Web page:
The magnificent Hen Harrier is one of Ireland’s rarest native birds of prey. To be lucky enough to see one, as I have on a small number of occasions, is truly a gift.
I remember the first time I saw a Hen Harrier – it was an adult male, in his whity/bluey/grey coat with those extraordinary jet black wing tips – I was transfixed. He was virtually floating as he flew so gracefully and slowly around me. I recall commenting to another person that it was “as if he was reading a book as he flew”.
While the male is very distinctive, the female – somewhat bigger – can be confused with a Buzzard, thanks to her mottled brown feathers. Her distinguishing mark is a very white band that runs scross her back and can be seen in flight. Note also how the bird has an owl-like ‘disc’ face. Males measure around 50 cm high with a wingspan of 120 cm.
The most surprising sighting I’ve enjoyed was when guiding a small group up a Mayo mountain. At some 550 m altitude, one of the party wasn’t feeling the best, so decided to sit down and take a rest (we would later decide to abort the hike and descend). I turned around to have a drink and straight in front of me a Hen Harrier was floating around the mountain looking for a bite to eat, barely 10 m above the ground.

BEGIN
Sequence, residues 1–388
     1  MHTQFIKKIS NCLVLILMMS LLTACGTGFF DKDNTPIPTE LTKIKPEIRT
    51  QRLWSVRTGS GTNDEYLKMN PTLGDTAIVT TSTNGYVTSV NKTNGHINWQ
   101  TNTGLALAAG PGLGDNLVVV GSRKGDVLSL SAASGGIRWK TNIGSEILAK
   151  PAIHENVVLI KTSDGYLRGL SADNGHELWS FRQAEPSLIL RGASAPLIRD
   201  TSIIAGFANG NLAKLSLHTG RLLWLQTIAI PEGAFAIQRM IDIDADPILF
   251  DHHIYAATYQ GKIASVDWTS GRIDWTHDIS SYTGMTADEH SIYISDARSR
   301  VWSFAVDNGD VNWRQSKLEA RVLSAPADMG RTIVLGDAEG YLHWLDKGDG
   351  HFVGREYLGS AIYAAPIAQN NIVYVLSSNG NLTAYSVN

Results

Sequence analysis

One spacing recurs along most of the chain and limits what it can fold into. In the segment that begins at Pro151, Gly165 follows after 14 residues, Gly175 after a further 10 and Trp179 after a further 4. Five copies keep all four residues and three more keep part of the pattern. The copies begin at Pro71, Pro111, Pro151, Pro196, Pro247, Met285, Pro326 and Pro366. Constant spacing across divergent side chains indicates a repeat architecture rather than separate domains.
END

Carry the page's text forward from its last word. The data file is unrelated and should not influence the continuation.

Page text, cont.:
Here in Ireland, the person ‘in charge of’ Hen Harriers is Barry O’Donoghue, of the National Parks and Wildlife Service (NPWS). Barry can be contacted with any sightings, at 087-9110715. He gave a nice interesting talk about Hen Harriers here in Castlebar early this year.
Also, I came across this lovely heart-warming video about a man’s great interest in the Hen Harrier in Scotland and how he made it his job to look after this iconic and little-known bird. See how he is passing on his love of the bird to his young son. Magic.